And then in the latter part of the 2nd chapter God gave Habakkuk the response and it is an unfolding of divine judgment. While there is chastisement implied upon Judea, there is particularly judgment upon the Babylonian kingdom. And he describes in a series of woes the overthrow of the Babylonian empire, five great woes from which, no doubt, the Lord Jesus, his father Joseph, and Mary learned the language of divine judgment.

Now, coming to the 3rd chapter the prophet makes a request, and I’m going to read now the first two verses in which we have this request of the prophet. We read a prayer of Habakkuk the prophet according to Shigionoth.

“Lord I have heard the report about thee and I fear. Oh Lord, revive thy work in the midst of the years. In the midst of the year make it known and wrath remembers mercy.”

Now notice right at the beginning he says this is a prayer of Habakkuk, the prophet, so I think we are to understand that this is not a private prayer that the prophet prayed by himself, but rather it’s a public prayer. It’s a prayer that was given him by God and was given to him under the inspiration of the Holy Spirit and he recognized it as such and gives it to us as an inspired portion, a prayer of Habakkuk, the prophet. So the fact that he takes the term the prophet which marks out his office and uses it of himself here, lets us know that this is a kind of official prayer.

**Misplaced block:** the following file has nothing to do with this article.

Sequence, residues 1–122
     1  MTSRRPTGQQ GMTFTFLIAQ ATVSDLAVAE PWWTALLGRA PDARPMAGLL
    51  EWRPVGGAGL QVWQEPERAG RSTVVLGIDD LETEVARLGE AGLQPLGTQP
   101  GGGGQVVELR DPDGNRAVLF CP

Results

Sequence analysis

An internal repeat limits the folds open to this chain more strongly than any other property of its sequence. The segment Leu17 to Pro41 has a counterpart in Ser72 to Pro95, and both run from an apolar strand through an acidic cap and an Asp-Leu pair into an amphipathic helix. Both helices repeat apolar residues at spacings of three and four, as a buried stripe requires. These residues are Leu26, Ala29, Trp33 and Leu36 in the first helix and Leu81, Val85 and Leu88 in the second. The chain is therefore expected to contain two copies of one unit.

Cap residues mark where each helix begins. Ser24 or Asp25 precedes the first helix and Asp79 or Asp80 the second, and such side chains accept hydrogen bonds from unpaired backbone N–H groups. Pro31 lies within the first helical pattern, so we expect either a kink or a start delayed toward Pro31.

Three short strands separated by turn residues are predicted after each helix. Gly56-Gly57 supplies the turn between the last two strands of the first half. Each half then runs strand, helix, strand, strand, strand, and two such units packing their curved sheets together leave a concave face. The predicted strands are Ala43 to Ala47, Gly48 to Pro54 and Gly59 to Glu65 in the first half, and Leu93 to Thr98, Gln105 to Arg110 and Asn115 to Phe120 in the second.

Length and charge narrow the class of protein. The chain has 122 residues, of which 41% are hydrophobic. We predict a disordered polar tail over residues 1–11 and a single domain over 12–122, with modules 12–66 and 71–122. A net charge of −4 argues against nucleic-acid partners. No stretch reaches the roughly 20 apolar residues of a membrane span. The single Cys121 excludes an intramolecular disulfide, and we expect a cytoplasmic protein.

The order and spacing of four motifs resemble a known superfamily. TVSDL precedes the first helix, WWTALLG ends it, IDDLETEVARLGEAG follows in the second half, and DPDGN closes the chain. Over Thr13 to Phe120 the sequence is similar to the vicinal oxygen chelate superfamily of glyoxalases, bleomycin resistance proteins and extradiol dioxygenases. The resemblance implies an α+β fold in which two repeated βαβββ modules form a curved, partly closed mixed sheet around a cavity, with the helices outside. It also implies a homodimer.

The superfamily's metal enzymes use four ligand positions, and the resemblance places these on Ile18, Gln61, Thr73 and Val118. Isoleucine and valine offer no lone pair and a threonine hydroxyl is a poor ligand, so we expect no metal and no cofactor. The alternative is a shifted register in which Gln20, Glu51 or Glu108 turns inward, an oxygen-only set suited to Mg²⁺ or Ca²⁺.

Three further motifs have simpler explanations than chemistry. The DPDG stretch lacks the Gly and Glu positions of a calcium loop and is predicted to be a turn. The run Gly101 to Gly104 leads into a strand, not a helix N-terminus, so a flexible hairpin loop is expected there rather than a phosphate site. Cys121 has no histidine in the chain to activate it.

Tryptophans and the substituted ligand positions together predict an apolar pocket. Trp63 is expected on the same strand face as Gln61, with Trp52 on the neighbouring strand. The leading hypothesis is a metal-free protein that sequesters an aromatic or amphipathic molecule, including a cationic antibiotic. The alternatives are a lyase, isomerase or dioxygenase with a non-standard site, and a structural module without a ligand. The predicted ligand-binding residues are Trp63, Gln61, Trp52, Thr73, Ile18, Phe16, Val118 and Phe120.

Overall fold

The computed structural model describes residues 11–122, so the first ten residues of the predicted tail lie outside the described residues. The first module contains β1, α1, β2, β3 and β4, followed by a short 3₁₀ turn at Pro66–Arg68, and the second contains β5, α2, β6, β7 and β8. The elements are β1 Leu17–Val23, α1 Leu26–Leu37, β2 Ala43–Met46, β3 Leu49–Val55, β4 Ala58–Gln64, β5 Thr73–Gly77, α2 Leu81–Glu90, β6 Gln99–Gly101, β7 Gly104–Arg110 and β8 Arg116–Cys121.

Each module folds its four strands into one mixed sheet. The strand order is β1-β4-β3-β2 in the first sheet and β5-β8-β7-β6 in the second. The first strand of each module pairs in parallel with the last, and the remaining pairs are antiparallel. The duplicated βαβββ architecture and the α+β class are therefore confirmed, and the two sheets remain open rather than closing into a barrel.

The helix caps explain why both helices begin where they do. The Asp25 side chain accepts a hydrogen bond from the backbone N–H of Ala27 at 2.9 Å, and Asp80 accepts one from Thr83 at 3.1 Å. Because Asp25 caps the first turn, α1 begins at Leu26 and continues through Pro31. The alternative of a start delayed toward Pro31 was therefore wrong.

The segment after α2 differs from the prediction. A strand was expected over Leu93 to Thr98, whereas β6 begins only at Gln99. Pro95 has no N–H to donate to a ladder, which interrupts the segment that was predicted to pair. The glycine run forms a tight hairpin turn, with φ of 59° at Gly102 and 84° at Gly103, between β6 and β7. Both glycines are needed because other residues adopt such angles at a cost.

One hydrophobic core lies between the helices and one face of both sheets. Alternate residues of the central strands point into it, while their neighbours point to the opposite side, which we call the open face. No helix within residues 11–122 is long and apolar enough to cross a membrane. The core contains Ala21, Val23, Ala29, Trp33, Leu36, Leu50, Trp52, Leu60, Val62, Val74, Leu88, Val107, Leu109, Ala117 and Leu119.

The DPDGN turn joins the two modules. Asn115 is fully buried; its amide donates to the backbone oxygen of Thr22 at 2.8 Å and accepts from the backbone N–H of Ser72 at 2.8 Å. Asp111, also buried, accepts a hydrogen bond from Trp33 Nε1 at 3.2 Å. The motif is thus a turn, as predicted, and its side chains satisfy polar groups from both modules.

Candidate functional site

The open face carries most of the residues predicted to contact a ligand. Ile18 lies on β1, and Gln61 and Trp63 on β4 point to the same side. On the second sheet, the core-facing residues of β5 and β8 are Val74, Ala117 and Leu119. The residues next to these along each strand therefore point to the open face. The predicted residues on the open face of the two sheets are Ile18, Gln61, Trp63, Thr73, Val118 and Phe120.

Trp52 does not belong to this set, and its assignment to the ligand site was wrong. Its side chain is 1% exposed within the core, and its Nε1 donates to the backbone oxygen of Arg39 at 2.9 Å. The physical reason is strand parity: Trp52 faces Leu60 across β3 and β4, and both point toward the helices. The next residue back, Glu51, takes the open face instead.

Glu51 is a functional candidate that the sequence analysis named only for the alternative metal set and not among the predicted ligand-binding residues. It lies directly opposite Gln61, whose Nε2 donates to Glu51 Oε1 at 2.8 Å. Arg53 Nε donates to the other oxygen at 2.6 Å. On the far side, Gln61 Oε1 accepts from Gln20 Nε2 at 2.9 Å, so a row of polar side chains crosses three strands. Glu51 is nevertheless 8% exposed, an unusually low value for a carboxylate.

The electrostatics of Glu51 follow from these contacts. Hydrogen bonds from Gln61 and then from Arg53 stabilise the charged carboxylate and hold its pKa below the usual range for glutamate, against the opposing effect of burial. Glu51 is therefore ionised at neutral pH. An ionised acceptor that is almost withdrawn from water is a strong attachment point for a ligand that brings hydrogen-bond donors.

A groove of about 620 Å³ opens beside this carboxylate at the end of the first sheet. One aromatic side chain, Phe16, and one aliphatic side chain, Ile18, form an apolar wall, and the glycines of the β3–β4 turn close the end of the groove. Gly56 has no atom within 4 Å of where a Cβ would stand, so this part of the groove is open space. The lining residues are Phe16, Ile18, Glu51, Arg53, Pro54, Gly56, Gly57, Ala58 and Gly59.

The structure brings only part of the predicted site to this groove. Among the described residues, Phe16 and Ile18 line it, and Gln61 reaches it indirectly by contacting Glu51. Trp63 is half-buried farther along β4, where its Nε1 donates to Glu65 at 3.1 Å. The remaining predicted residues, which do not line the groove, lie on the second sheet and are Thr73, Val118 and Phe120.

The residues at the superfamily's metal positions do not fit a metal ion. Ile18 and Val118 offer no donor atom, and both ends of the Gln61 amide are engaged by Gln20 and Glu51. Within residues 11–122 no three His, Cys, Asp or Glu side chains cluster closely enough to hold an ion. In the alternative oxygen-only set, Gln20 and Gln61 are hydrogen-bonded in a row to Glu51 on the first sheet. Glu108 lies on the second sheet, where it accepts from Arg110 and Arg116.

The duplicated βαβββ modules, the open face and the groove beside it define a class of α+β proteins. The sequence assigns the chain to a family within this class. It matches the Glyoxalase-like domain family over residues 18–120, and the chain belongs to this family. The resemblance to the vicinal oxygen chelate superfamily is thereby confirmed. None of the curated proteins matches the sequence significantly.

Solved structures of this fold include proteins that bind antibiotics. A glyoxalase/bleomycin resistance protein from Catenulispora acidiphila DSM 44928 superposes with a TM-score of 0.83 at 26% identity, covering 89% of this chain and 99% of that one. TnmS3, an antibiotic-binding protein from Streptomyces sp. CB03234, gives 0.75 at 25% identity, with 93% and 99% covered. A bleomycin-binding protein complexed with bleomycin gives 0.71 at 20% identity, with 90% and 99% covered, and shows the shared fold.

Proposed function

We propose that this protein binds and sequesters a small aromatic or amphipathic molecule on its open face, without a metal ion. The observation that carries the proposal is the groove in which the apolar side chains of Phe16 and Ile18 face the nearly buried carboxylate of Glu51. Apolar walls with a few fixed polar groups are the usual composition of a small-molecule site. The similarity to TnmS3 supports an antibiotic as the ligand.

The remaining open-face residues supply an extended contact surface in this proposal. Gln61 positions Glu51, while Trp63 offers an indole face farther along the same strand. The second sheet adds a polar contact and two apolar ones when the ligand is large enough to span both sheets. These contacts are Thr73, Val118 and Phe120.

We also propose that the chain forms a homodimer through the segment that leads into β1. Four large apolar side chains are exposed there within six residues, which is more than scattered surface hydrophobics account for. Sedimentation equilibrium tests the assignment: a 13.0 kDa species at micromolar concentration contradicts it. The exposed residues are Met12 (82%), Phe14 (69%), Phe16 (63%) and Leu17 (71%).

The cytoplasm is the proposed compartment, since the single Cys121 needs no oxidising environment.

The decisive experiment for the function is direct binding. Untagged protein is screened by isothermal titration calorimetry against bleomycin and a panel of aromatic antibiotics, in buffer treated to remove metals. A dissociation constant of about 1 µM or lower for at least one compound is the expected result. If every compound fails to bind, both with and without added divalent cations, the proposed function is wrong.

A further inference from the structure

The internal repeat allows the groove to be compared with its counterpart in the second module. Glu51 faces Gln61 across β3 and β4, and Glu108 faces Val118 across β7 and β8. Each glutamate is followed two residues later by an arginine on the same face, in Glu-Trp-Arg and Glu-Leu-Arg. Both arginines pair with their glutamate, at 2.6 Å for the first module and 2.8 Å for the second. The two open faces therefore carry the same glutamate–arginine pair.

Now the prayer is for two things. It is for swift judgment first and then for mercy. Notice the statement that opens verse 2, “Lord I’ve heard the report about thee and I fear.” There is nothing wrong in a prophet fearing. I am afraid that a lot of times we think that if we are in fellowship with the Lord we would never fear. But it is a fact of the Old Testament revelation and the New Testament revelation that not only did the prophets fear but the apostles also. And in the apostles own language several times he remarks upon the fact, the Apostle Paul I should say, in the Apostle Paul’s own language several times he remarks upon the fact that he found it necessary to fear.

Now the prayer of the prophet Habakkuk is “Revive thy work in the midst of the years.” Now we are inclined to think that this is a prayer that God would revive the hearts of the people, but that is really not the force of these words. The word chayah which is used here means to call to life, and so really what this is is a prayer for swift execution of judgment. And it is swift execution of judgment upon Judah and their chastisement and Babylon in the destructive judgment that the prophet wishes to see brought upon on them in the light of God’s word that that is what would be done. So when he says “Lord I have heard the report about thee and I fear, O Lord, revive thy work in the midst of the years.” In the midst of the years make it known he is calling for swift judgment in accordance with the promises just above.

Now, I think also when he says “In wrath remember mercy” that he is asking that in the midst of this revelation of judgment and in the pouring out of it that God would remember his compassion. I would imagine that what he is praying in something like so many of us pray when we find it seems to clear that a certain thing is the Lord’s will and we don’t really like it. We pray lord may thy will be done and get it over with as soon as possible. [Laughter]